The Salem News reported that an eighteen year old was charged with two counts of rape, assault and battery and witness intimidation on a college student. According to the prosecutor, the pair left a party and went to the defendant's home when the incident occurred. At the arraignment it was represented that the defendant's sister and mother were home and did not hear anything. The defendant denies the charges.
In order to prove the defendant guilty of rape the prosecution must prove beyond a reasonable doubt that the defendant engaged in sexual intercourse with another compelled by force and against the complainant's will or compelled by threat of bodily injury. The term “threat" only requires that the threat cause fear reasonable in the circumstances so that it was reasonable for the complainant not to resist. The force used to accomplish rape does not have to be physical force.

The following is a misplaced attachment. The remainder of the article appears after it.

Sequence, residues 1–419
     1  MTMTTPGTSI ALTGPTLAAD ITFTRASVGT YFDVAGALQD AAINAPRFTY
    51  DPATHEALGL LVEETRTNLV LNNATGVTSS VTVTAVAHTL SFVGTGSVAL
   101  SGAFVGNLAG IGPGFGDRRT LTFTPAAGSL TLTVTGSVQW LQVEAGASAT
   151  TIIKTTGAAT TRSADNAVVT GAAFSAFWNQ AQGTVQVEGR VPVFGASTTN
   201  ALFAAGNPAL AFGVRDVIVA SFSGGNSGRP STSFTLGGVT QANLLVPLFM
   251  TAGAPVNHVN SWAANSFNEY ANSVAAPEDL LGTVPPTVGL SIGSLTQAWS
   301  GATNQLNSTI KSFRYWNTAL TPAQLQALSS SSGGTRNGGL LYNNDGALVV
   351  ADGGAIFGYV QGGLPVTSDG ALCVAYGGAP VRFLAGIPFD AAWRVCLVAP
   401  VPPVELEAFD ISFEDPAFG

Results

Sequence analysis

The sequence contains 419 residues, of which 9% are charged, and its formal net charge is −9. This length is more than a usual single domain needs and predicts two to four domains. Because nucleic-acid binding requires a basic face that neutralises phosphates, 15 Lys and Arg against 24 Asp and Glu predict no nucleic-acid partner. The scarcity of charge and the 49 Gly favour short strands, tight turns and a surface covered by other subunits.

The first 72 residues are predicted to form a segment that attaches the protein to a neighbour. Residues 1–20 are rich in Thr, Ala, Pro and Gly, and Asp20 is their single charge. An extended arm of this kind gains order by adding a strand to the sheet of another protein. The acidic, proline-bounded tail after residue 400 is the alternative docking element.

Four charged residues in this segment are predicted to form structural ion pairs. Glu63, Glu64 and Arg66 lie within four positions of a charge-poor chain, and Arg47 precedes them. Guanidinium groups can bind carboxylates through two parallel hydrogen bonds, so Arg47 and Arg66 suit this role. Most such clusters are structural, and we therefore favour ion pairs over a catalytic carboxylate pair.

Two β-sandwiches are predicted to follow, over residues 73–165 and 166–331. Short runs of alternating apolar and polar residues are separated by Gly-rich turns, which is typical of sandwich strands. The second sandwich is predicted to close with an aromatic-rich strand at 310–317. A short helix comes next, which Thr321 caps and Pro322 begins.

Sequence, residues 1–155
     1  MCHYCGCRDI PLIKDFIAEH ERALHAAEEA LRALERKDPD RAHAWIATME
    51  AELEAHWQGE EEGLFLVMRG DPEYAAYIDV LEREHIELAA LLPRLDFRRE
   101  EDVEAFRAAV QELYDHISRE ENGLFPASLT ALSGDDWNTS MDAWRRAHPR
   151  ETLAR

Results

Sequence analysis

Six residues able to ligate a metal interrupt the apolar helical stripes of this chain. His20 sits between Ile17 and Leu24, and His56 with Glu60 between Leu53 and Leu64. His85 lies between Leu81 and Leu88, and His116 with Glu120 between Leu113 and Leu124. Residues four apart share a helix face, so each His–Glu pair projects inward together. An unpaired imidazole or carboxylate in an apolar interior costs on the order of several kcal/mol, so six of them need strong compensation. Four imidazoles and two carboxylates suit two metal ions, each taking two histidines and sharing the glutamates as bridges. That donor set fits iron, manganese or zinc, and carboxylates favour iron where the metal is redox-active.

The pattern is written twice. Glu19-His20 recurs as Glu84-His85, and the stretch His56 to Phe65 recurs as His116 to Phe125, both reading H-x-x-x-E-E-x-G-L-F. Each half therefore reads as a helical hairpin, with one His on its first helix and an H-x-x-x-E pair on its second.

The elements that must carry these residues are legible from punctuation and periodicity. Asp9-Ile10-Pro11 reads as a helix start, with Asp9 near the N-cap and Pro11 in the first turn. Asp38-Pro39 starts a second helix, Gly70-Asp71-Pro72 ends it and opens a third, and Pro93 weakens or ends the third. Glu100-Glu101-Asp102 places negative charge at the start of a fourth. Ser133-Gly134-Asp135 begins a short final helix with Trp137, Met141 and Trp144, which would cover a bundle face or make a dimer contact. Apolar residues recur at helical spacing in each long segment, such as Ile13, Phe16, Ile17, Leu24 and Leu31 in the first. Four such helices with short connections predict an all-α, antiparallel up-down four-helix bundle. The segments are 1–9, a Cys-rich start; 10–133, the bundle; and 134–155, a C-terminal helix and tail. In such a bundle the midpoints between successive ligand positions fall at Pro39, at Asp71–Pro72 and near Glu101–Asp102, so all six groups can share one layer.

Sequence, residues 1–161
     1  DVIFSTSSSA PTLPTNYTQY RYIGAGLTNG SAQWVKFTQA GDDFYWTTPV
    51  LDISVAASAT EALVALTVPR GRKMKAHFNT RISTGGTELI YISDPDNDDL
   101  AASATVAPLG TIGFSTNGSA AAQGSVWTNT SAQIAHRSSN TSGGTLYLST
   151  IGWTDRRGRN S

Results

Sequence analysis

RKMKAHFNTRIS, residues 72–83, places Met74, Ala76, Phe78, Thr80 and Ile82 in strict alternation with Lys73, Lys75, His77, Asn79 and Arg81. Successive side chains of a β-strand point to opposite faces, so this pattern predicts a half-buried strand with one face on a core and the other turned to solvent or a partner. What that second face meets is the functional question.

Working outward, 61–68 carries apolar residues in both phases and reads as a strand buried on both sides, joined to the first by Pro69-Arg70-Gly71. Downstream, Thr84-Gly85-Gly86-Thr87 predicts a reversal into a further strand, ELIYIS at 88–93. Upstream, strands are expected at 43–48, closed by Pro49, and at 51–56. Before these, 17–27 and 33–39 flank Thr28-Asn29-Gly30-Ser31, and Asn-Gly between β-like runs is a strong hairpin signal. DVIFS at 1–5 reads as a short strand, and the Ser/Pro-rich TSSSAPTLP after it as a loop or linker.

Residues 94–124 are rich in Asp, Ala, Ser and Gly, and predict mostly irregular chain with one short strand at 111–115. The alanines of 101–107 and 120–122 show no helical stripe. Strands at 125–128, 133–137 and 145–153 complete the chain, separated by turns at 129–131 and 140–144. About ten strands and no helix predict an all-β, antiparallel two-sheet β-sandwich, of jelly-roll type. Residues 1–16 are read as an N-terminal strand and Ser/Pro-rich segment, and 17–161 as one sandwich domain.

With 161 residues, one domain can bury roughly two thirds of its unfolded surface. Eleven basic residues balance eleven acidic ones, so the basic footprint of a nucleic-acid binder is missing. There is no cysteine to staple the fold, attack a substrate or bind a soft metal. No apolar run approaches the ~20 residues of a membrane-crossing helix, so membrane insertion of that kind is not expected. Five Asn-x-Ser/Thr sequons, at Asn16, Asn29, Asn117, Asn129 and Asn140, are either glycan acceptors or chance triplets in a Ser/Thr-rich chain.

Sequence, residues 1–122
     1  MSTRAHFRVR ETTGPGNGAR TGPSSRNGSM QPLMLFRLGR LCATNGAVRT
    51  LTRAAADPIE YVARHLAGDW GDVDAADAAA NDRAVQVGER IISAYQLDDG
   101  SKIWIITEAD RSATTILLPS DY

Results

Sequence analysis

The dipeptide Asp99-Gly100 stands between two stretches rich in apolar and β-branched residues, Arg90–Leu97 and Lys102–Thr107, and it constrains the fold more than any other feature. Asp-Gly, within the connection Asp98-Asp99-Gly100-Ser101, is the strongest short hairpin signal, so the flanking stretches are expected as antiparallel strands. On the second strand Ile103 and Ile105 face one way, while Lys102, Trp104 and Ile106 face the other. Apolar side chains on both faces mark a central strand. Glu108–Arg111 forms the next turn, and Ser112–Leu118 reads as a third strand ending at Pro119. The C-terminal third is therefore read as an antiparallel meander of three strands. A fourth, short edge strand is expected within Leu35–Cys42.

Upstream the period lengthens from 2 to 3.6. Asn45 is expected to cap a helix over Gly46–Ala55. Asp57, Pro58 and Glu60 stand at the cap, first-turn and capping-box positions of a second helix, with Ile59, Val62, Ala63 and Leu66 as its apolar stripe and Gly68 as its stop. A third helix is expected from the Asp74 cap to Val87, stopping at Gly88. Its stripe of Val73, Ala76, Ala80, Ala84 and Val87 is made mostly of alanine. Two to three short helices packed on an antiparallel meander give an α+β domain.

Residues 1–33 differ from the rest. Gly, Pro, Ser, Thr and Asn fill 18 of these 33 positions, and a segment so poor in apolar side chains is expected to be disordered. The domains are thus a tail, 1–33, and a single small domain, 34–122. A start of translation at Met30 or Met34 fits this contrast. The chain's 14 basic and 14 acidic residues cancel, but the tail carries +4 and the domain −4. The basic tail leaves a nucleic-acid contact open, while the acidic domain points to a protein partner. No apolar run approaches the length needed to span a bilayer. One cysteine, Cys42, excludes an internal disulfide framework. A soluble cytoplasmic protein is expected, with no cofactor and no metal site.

There is well settled case law that relates to situations when there is a question relative to whether the complainant was compelled to engage in intercourse against her will. In Massachusetts, the fact that an individual obtained intercourse via fraud in the inducement does not constitute force necessary for rape. For example, the Supreme Judicial Court recently held that a rape did not occur where the defendant impersonated the complainant's boyfriend in order to engage in sexual intercourse, and the complainant believed that she was engaging in relations with her boyfriend.